Although insider threats to data security remain a serious problem, the word apparently hasn't made it up the corporate food chain in the UK.
Survey results released recently by the UK office of network security provider LogRhythm, headquartered in Boulder, Colo., found that nearly half (44 percent) the 1,000 employers polled said they trusted their employees not to access confidential documents or steal data from them.
More than a third of the sampling (37 percent) conceded that their workers might engage in those practices but would "like to think not."
Those employers may be a little naive about their workforces.
A study released earlier this year by Symantec and the Ponemon Institute of 3,500 workers worldwide revealed that half of them regularly emailed business documents to their personal accounts, a third confessed to moving work documents to unapproved file sharing apps and 40 percent stashed work files on their mobile devices.
"The big issue with that is that the majority of the people don't delete any of the data that they move," Robert Hamilton, director of product marketing at Symantec, told CSO. "It's a pretty significant problem."
He said employees need more education about data ownership. "It's not that people are bad and they're out to rip off their employers," Hamilton said. "They think they have an ownership stake in this information, and they're inclined to take it in the absence of somebody telling them not to."
The great trust that the employers place in their workers may explain why nearly a third of them surveyed by LogRhythm (31 percent) said they don't need to deploy any systems to stop employees from accessing confidential information or removing it from their companies.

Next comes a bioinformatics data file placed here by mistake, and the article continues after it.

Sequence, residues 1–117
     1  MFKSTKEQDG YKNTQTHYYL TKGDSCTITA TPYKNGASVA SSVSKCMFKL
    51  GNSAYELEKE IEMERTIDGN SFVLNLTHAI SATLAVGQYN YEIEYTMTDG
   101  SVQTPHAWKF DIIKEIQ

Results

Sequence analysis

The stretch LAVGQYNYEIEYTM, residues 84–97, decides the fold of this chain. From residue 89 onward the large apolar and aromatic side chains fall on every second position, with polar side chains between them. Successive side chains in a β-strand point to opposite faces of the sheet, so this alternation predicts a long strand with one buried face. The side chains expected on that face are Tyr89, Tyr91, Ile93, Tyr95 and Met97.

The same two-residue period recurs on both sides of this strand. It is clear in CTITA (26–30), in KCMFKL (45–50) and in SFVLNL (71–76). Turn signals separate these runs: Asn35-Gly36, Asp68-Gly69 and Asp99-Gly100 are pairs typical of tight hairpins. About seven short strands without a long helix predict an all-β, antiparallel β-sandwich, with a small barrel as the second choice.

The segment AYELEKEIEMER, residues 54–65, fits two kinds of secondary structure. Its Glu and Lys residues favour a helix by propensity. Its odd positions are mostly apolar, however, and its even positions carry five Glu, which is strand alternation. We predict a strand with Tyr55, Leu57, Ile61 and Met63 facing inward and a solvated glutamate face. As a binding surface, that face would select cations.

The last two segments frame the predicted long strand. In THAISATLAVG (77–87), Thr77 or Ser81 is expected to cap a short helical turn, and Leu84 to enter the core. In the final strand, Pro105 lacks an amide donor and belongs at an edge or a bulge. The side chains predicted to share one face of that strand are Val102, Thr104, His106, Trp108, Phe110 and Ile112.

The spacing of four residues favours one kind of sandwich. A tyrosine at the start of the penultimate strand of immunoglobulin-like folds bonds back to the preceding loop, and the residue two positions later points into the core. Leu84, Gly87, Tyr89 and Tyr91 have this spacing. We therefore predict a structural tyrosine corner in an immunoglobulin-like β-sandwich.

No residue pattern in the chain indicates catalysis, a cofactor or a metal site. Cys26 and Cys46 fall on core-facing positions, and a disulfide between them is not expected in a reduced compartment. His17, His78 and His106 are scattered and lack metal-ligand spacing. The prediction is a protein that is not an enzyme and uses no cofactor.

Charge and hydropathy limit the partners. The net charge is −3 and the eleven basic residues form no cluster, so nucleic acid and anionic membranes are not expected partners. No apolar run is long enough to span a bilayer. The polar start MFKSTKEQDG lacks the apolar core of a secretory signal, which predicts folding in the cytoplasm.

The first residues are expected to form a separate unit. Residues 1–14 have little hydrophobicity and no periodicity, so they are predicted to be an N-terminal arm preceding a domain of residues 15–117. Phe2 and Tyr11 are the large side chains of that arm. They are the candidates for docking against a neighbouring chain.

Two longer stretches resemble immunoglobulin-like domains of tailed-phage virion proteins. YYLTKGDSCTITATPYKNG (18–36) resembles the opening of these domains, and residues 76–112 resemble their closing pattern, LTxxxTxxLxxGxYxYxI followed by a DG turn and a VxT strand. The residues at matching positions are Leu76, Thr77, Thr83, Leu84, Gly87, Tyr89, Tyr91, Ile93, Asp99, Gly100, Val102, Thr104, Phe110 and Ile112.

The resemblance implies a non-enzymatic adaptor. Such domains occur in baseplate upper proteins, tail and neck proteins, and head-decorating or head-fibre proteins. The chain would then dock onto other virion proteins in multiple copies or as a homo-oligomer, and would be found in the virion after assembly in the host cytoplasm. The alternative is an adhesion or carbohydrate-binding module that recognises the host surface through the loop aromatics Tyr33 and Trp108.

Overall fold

[Also see: The three types of insider threat]
Another 16 percent of the firms surveyed confessed they didn't have data access security systems in place because they hadn't gotten around to it, and another 28 percent had them in place but said they weren't effective or not enforced.
Most organizations have access control systems in place, but those systems are becoming increasingly ineffective in protecting data, said LogRhythm founder and CTO Chris Petersen.
Five years ago, most of a company's data was going to be on a file server, locked down with permissions and rights management, he explained. "Today, you're looking at environments where your data is everywhere," he said in an interview. "It's mobile and those access control models have started to break down."
"An organization can have the tools to control access," Petersen said. "But they're useless because their data is out of control."
Protecting data from access by former employees didn't seem to be a priority of the firms either. A third of the respondents in the LogRhythm survey (33 percent) declared they didn't regularly change passwords to prevent ex-employees from accessing company websites or documents, and another 28 percent confessed they didn't adopt the practice, although they knew they should.
"Employees pose the greatest risk to a company's data," said Michael DuBose, who leads the cyber investigations practice at Kroll Advisory Solutions, and the former head of the cyber crimes division in the U.S. Department of Justice.
"There's been a lot of recent attention to Chinese hackers and state-sponsored cyber theft," said DuBose. "All of that is important. It's significant."
"But, I think it's important that companies not lose sight of the fact that, notwithstanding that threat, the vast majority of cases involving stolen trade secrets or proprietary data still originate with company insiders," he said.